Tuesday, June 23, 2015

Vehicle-to-Vehicle Communications Hearing

This afternoon the House Energy and Commerce Committee updated their web site for Thursday’s hearing on vehicle-to-vehicle (V2V) communications. The site now has a witness list, copies of the witnesses’ written testimony (NHTSA testimony is not yet available) and a Committee Staff document discussing the issues to be covered at the hearing.

The witness list includes:

Nat Beuse, National Highway Transportation Safety Administration (NHTSA);
Barry Einsig, Cisco;
Harry Lightsey, General Motors;
David St. Amant, Econolite Group, Inc; and
Peter Sweatman, University of Michigan Transportation Research Institute

There are a number of issues that will be discussed during this hearing. According to the staff document those issues will include answering the following questions (pgs 6-7):

How will a rulemaking requiring V2V communications in new vehicles impact used cars on the road today?
What driver education is necessary to prepare drivers to operate vehicles equipped with V2V capability?
How does the implementation of V2V technology foster the development of vehicle automation technologies?
How is the auto industry preparing a rollout that will allow this technology to evolve? Will any technological evolution require ongoing government oversight?
What is a realistic timeframe by which drivers will see the benefits of this technology?

Readers of this blog will quickly note that there is no specific mention of cybersecurity issues in the list above. The staff background document does note that NHTSA has made attempts to address the cybersecurity and personal information protection issues potentially associated with the V2V program. Following the comment period on their advance notice of proposed rulemaking (ANPRM) last year NHTSA issued a request for information (RFI) about the development and governance of a “Security Credential Management System” (SCMS) for the system.

There is at least a mention of these SCMS issues in the written testimony:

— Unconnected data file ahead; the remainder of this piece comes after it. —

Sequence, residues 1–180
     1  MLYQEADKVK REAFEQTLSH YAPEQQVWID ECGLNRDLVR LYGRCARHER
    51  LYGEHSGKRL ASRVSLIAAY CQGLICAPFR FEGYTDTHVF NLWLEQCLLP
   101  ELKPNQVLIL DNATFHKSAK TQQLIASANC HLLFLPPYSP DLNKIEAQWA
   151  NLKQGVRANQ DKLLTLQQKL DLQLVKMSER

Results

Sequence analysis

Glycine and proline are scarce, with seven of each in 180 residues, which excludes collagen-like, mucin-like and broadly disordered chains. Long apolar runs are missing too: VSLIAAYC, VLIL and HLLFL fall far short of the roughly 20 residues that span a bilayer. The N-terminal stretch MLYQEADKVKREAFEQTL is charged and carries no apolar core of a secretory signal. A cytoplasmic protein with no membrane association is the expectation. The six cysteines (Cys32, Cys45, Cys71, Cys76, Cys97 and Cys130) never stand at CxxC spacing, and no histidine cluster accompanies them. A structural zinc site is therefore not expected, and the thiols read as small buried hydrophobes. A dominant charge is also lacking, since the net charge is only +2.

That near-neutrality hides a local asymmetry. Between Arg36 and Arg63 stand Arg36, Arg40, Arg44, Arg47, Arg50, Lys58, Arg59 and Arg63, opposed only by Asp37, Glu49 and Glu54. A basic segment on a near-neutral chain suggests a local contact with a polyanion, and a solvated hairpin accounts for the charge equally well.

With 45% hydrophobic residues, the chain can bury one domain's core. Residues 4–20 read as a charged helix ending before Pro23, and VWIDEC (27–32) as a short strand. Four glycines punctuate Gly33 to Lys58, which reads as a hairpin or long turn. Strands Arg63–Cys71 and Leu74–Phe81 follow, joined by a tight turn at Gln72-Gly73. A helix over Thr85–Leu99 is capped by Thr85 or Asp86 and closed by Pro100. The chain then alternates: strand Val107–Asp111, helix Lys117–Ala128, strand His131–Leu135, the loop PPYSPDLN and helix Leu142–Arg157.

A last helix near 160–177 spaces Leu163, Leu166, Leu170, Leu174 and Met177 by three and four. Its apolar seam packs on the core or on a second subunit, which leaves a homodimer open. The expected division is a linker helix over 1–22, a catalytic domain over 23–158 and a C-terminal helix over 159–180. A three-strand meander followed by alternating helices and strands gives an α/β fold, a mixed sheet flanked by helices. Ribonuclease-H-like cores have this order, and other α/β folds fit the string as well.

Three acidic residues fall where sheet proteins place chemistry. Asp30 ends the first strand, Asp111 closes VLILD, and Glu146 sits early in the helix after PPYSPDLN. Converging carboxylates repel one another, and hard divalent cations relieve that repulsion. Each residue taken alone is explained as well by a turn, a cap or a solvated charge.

Einsig – “This network needs interoperability, standards-based technology, as well as a tested architecture for delivering a highly secure, mobile, and high availability solution.” (pg 3)

Lightsey – “National and international standards must be adopted to insure interoperability of V2V systems deployed by all auto makers and those deploying related V2I systems. A scaleable and operational security credential management system must be developed.” (pg 3)

St. Amant – “Efforts underway to create a Security Credential Management System (SCMS) for connected vehicles are critically important.” (pg 5)

Sweatman – “Current gaps requiring federal support include: Cyber-security solutions that suit both the vehicle and the infrastructure.” (pg 8)

In point of fact, these are the only significant mentions of cybersecurity issues in the four written testimonies submitted to the Committee. Of more concern is the fact that according to Sweatman Michigan has already constructed its first V2V/V2I enabled stretch of public road and Mr. Lightsey is announcing that GM will begin to sell its first V2V equipped vehicle, the 2017 Cadillac CTS, next year. Both of these have taken place before there is an established and accepted SCMS.

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